Crime, Law and Social Change

, Volume 64, Issue 1, pp 37–55 | Cite as

States can play, too: constructing a typology of state participation in illicit flows



The prominent growth in “illicit globalization” has been broadly construed as an anti-state phenomenon, and criminological literature has largely reflected this focus on nonstate actors. However, states too have used and will continue to rely on illicit globalization for their own ends. A state or states may be driving demand, providing supply, or facilitating the transport of any given illicit flow (or perhaps all of the above simultaneously). This article establishes a motive-based typology of state participation in international illicit flows, illustrated with current and historical examples. By focusing on why states may engage in illicit flows, I argue that there are four broad archetypes of state participation: direct revenue generation, indirect revenue generation, procurement, and territorial control. While the risks can be significant, state participation can drastically improve an illicit transaction’s chance of succeeding. Furthermore, many states that are heavily involved in illicit flows have little to lose even if their involvement is uncovered. This typology provides differentiation meant to enhance the study of state participation in illicit flows.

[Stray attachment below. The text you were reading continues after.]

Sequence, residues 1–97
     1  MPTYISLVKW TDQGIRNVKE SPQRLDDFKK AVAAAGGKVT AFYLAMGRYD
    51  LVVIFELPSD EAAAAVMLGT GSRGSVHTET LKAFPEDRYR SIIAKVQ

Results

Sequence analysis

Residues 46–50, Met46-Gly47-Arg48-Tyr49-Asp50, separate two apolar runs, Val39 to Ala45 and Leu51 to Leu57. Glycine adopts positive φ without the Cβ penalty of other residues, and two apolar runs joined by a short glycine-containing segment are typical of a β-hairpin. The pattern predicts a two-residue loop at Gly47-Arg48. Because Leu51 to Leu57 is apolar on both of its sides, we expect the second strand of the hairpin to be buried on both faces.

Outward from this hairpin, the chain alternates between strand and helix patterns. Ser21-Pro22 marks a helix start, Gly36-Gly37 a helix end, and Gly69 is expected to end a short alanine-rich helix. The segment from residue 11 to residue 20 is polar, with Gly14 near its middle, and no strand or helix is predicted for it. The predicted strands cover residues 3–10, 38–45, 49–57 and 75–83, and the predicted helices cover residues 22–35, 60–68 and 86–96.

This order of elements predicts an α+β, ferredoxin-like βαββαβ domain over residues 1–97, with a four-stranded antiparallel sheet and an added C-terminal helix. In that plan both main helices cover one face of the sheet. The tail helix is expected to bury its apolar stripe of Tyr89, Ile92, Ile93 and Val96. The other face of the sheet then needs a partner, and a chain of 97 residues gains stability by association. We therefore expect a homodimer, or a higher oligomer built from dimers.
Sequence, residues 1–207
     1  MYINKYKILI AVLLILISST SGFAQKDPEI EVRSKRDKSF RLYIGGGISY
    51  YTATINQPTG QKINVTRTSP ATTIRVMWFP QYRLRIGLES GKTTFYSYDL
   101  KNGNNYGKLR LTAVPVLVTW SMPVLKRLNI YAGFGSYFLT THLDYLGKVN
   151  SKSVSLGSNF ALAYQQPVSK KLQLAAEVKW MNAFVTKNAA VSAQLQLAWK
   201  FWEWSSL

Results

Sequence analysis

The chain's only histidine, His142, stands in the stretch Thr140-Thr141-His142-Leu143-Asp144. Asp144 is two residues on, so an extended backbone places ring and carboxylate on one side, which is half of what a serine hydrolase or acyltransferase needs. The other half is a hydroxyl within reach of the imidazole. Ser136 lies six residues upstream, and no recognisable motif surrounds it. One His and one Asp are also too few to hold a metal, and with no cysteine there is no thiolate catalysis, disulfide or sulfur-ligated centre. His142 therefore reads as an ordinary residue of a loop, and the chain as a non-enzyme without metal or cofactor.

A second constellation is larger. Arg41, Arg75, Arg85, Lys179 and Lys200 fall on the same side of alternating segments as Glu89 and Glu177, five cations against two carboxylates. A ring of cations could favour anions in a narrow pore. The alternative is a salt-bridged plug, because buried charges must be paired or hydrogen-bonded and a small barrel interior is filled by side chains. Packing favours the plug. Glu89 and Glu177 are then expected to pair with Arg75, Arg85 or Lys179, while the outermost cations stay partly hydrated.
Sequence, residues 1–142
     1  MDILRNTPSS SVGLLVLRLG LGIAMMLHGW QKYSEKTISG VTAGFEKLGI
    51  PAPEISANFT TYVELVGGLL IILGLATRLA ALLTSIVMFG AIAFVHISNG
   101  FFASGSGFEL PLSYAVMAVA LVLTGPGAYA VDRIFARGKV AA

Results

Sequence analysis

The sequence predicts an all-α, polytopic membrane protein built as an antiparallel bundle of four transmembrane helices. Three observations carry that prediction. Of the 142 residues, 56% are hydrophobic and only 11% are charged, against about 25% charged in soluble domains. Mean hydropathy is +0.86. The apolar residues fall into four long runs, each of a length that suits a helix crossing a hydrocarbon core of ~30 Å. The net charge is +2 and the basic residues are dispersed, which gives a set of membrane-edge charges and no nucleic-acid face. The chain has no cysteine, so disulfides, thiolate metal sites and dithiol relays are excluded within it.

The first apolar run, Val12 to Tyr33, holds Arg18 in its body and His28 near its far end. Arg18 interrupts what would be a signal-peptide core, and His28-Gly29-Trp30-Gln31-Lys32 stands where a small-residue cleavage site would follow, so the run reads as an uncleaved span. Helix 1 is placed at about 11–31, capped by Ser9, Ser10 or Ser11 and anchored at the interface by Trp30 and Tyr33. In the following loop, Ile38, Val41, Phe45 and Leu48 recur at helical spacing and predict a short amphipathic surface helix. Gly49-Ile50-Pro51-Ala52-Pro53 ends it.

Black Market State Participation Nuclear Program Illicit Trade Nonstate Actor 


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© Springer Science+Business Media Dordrecht 2015

Authors and Affiliations

  1. 1.School of SustainabilityArizona State UniversityTempeUSA

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